10 Comments:

Blogger Hughes Views said...

The Guardian is written by theoreticians for dittos, not, generally, by or for people who really want to help get things done.

Anyone who fancies "four years off from tough decisions and a bit of battery-recharging and powerless feel-good ranting from opposition" could always join the Lib Dems or Greens.

V. good point re the loss of MPs weakening party structures. Living in a Lib Dem held seat provides a constant reminder about how useful even just having an MP's office in the town to act as a focal point is to a party, especially to one without cash from Belize...

5:41 pm, March 09, 2010

 
Anonymous Rich said...

I think we all know that we are heading for a hung parliament. Whether or not brown keeps the top job depends on whether labour can do a deal with the lib dems

8:00 pm, March 09, 2010

 
Blogger james said...

Not only that, Cameron has said he wants to reduce the number of MPs - specifically to target Labour....

10:16 pm, March 09, 2010

 
Blogger Mark Still News said...

Labour should have looked after the working classes from 1997, the same as it did for the Tory Bankers?

Will the Tory pampered bankers be backing Labour in the election?

12:50 am, March 10, 2010

 
Anonymous Rich said...

The bankers won't back labour they will back the party that makes them richer. They are motivated by money alone.

I dread to think how many people will lose their jobs if the conservatives get in and go ahead with their cuts. And when Kenneth Clarke talks about making Britain more competitive what he actually means is making us work for less.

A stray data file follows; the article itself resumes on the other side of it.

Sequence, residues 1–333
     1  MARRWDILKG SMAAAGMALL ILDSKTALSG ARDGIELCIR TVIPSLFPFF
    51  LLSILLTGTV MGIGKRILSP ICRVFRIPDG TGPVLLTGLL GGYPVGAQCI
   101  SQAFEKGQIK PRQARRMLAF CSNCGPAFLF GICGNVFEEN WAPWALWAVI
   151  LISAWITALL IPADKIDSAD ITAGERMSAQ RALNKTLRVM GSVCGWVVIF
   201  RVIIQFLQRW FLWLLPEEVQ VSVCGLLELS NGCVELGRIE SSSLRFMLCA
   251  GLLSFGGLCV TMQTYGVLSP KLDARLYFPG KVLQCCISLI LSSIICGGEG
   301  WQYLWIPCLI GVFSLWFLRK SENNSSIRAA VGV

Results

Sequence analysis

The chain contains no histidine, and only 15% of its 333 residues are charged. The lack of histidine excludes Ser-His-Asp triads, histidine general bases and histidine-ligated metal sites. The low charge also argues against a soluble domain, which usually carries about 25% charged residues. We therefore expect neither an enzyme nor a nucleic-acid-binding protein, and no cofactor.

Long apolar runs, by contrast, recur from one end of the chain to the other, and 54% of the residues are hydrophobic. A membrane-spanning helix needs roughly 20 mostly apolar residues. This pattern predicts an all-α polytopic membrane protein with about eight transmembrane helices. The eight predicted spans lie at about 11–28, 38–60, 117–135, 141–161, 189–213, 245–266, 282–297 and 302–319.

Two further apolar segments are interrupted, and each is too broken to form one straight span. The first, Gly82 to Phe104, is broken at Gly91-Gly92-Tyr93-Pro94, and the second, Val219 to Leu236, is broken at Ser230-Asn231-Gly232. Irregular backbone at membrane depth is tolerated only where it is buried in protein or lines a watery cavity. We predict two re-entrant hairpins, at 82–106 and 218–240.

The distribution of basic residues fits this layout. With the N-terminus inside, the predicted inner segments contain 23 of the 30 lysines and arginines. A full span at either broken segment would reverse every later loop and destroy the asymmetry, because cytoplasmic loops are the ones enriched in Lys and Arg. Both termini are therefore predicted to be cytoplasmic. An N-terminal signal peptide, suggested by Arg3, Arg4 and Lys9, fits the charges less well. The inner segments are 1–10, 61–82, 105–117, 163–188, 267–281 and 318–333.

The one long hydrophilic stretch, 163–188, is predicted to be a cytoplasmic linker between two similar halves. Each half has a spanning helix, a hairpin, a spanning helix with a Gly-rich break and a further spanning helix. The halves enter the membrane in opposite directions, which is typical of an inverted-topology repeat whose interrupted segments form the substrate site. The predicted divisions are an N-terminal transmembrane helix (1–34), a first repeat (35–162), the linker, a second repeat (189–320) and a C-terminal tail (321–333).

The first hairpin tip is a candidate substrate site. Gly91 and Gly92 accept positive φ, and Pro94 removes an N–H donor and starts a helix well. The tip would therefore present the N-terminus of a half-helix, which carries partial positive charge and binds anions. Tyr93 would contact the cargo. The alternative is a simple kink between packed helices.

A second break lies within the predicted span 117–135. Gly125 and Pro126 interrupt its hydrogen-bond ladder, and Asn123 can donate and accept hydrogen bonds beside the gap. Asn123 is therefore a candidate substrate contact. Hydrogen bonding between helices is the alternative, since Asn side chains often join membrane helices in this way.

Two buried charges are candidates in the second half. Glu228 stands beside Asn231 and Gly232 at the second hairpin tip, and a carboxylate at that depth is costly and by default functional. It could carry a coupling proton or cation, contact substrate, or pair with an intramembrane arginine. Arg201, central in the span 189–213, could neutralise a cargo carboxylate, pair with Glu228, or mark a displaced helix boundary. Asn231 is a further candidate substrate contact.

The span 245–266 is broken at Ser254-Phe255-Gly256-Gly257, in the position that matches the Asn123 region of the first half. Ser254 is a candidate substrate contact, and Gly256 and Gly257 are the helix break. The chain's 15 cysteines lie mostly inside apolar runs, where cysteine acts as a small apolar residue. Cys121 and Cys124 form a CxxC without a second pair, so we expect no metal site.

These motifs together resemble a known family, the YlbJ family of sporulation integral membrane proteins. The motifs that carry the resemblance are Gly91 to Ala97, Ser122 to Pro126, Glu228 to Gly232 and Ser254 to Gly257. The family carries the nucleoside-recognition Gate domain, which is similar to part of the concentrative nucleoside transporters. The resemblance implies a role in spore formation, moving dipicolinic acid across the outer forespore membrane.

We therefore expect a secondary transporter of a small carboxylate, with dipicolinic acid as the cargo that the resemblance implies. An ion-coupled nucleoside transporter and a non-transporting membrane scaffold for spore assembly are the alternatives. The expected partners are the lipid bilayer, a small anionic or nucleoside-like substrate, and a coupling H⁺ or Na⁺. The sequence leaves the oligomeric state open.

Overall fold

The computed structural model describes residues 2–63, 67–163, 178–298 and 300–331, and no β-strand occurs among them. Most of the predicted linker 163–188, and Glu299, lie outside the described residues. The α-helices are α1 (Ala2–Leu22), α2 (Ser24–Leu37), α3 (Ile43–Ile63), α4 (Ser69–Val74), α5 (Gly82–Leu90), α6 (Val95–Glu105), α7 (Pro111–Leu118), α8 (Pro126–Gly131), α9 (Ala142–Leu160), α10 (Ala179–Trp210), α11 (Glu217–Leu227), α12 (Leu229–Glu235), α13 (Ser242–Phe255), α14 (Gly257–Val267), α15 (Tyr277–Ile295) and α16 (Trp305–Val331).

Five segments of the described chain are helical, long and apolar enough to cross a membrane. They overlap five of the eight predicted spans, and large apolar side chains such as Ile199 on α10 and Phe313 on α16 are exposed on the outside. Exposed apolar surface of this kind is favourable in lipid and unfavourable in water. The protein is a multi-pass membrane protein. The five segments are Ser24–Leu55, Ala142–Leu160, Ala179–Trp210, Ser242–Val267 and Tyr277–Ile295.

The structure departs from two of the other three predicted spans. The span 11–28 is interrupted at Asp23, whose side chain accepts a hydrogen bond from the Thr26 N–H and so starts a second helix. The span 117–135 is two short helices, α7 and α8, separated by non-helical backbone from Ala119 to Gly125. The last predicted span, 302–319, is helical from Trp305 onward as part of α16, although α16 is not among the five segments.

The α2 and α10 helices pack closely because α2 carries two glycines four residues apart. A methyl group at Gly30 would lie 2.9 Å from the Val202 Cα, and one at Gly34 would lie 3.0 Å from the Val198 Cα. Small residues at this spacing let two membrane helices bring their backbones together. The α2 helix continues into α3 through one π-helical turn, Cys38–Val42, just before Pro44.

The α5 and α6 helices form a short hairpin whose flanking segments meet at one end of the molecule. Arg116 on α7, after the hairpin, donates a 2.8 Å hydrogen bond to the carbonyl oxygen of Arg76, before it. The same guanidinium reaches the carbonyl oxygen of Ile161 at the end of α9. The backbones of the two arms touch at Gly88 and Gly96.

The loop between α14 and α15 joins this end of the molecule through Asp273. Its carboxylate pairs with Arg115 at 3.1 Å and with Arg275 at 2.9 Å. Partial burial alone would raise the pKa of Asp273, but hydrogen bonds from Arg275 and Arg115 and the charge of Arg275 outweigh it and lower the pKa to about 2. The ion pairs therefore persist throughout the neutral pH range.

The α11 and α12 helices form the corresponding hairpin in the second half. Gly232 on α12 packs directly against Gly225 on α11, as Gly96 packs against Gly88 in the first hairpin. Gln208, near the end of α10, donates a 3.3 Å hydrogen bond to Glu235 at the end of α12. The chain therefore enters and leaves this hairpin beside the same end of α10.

Having large numbers on the dole keeps wages down and makes the rich better profits. And the cost of paying benefits ends up being paid by the lowest earners.

1:08 am, March 10, 2010

 
Blogger Miller 2.0 said...

"there may only be an inch between a Labor government's policies and a coalition government's policies but if you live in that inch it's an important inch."

Aye, but remember that there are always people who live in the inches to the left of Labor as well.

3:19 pm, March 10, 2010

 
Blogger Luke Akehurst said...

It's a reference to the beneficiaries of the policies not the ideological proponents of them.

3:28 pm, March 10, 2010

 
Anonymous Anonymous said...

I remember that being said in 1978 and 1979 !

Be warned history has a habit of repeating its self "

GW

6:10 pm, March 10, 2010

 
Anonymous carlr said...

"... to ever create the kind of social democratic hegemony our sister party in Sweden for instance achieved, we need to maintain power for a generation or two,"

Come on Luke. Sweden had some of the best leaders in Europe, a genuine plan for radically transforming and rebuilding a country. Labour - whilst they've done some good - haven't rewritten the script in anything like the same way. They haven't even established a decent model of social ownership. The comparison is very unfair on the pioneers in Sweden, who would have been disgusted by many of the policies New Labour advocate, and most especially an unemployment benefit if 55UKP a week...

6:25 pm, March 10, 2010

 
Blogger Merseymike said...

I don't want a Tory government, but I also want Labour to change. So, a hung parliament is the best bet

1:02 am, March 12, 2010